Insurance Experts Meet on Natural Disasters
STEVE INSKEEP, host:
As costly as this year's hurricanes have been, forecasters say we should be prepared for something worse, and that's why insurance experts meet in California today. They're preparing for an even bigger catastrophe such as a costlier hurricane, an earthquake or a terrorist attack. NPR's Scott Horsley reports.
SCOTT HORSLEY reporting:
Calls for a national catastrophe insurance program have been floated before, typically by officials in high-risk states like Florida and California. But it's hard to get people in, say, North Dakota to buy into such a system. North Dakota insurance commissioner Jim Poolman says his state isn't likely to suffer from a hurricane or a terrorist strike, and residents there don't want to subsidize people who live in riskier areas.
Mr. JIM POOLMAN (North Dakota Insurance Commissioner): We all choose where to live, and the 640,000 people in North Dakota choose to live there for a reason.
HORSLEY: But California insurance commissioner John Garamendi says taxpayers in North Dakota and throughout the country are already paying for what he calls the Air Force One insurance system.
Mr. JOHN GARAMENDI (California Insurance Commissioner): We got a disaster, Air Force One scoots in, money, or deficit, falls out the back. That's not a good way to do it.
HORSLEY: The federal government has already earmarked more than $60 billion for Hurricane Katrina relief, and that bill is expected to grow.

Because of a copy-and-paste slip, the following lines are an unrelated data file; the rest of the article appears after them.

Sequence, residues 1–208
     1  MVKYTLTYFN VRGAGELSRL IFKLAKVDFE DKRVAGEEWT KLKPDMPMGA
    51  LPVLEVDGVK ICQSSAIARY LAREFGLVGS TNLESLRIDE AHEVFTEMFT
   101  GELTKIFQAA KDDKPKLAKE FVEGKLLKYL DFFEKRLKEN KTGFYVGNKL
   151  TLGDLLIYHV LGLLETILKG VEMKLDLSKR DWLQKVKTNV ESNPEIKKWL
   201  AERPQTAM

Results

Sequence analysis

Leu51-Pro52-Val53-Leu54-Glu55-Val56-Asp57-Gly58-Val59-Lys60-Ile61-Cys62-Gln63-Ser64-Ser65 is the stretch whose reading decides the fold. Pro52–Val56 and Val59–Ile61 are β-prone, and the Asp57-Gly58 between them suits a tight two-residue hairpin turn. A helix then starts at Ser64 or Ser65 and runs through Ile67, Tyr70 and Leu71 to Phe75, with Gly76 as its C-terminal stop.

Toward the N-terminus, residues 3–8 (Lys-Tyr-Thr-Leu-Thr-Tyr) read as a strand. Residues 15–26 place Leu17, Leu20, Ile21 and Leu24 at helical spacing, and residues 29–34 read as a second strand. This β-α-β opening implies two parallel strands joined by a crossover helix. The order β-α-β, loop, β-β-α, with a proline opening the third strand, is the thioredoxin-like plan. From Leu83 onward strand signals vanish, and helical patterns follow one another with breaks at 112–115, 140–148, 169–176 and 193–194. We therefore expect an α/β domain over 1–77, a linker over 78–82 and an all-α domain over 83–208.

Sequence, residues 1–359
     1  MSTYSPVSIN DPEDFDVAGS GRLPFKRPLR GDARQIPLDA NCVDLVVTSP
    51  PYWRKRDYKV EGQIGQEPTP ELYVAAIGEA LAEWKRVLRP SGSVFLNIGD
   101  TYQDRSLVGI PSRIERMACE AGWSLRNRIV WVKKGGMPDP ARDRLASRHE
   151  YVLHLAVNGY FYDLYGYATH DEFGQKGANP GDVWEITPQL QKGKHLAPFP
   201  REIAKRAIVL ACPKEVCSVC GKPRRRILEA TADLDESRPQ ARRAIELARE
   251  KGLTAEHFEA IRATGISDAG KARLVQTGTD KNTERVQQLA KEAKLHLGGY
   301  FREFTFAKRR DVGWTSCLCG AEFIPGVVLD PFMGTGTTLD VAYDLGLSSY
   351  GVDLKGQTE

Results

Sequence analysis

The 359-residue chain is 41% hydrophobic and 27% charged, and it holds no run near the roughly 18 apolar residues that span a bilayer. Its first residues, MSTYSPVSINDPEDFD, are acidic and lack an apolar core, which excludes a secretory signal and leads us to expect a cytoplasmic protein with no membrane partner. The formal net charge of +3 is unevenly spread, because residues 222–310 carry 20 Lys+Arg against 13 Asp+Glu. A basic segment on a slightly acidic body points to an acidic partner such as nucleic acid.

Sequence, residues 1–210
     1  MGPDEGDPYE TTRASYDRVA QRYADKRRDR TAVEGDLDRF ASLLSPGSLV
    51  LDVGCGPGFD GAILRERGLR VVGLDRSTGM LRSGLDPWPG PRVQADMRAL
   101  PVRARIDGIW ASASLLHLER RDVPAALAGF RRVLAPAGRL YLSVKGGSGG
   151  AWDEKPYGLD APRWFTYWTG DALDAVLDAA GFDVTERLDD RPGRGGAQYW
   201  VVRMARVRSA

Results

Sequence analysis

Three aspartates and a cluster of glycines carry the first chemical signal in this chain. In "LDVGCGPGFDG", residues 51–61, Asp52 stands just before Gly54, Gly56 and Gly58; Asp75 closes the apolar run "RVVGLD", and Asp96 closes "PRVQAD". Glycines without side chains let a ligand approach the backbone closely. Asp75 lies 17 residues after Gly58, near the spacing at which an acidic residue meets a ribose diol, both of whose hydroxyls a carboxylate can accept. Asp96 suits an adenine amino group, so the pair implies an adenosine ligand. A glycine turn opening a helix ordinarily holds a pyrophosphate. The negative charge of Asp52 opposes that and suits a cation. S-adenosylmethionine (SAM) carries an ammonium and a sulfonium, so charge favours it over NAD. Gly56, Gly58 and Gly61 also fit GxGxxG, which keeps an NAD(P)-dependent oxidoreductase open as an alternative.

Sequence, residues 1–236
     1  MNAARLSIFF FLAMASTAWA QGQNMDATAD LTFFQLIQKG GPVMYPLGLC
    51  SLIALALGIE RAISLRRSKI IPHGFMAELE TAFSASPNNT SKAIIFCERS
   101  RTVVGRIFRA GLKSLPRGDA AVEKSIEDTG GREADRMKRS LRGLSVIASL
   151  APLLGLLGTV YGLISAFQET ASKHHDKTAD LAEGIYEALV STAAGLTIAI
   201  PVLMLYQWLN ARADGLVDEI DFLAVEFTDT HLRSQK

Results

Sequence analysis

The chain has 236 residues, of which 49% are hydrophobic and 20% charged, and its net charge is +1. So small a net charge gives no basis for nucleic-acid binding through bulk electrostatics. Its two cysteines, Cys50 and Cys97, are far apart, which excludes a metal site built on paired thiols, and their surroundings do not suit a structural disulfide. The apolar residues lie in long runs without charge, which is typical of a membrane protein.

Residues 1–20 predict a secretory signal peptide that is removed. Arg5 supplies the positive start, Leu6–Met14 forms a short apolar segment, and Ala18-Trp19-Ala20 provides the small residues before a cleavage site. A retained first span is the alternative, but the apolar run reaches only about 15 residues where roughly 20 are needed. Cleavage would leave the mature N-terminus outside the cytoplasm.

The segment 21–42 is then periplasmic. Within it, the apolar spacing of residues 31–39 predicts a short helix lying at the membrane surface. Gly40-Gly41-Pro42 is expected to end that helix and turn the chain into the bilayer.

Garamendi and his counterparts from Florida, New York and Illinois called this week's catastrophe insurance summit meeting in hopes of designing a comprehensive system, involving homeowners, private insurance companies and the government. They're convinced it's better to collect insurance premiums before a disaster than to just open the treasury afterwards.
Robert Litan of The Brookings Institution says a well-designed national insurance system might charge high premiums to discourage building in risky areas and offer discounts in places with the most stringent building codes.
Mr. ROBERT LITAN (The Brookings Institution): If you have a plan that is risk-based, it would almost by definition encourage better building codes, better land use.
HORSLEY: There are plenty of challenges in designing such an insurance system, not least how to make people buy the policies. Fewer than one in five Californians now has earthquake insurance, and even in the most flood-prone areas, only about half the homeowners carry flood insurance. Analysts say well-intentioned federal bailouts are part of the problem. After all, why should anyone pay for catastrophe insurance if their neighbor who doesn't still gets federal relief?
State regulators will be wrestling with those and other issues today as they try to develop a consensus plan to present to Congress. North Dakota's insurance commissioner says he'll be listening and keeping an open mind.
Scott Horsley, NPR News, San Jose, California.
INSKEEP: This is MORNING EDITION from NPR News. I'm Steve Inskeep.
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